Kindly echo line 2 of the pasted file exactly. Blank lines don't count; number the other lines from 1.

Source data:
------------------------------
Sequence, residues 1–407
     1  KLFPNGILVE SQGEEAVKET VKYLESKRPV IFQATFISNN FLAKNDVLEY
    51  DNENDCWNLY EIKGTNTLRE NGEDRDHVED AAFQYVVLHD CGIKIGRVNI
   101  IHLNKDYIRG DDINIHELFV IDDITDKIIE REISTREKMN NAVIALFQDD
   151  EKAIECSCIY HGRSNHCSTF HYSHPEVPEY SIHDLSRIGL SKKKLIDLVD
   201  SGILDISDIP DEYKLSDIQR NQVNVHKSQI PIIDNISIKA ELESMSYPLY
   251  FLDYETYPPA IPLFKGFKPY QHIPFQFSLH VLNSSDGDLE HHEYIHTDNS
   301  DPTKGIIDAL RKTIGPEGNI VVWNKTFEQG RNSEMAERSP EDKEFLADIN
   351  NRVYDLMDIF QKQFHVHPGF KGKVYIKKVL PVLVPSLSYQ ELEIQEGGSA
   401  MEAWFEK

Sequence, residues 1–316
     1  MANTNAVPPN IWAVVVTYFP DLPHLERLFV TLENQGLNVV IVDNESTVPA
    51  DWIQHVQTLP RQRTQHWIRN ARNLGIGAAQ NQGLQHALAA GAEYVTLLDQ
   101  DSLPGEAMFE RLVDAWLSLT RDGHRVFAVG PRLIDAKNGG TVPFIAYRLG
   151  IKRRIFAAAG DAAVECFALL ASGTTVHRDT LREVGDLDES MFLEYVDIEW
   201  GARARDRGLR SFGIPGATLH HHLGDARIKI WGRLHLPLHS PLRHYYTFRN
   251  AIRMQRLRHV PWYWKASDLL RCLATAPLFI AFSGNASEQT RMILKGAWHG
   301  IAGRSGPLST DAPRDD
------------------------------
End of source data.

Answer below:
     1  KLFPNGILVE SQGEEAVKET VKYLESKRPV IFQATFISNN FLAKNDVLEY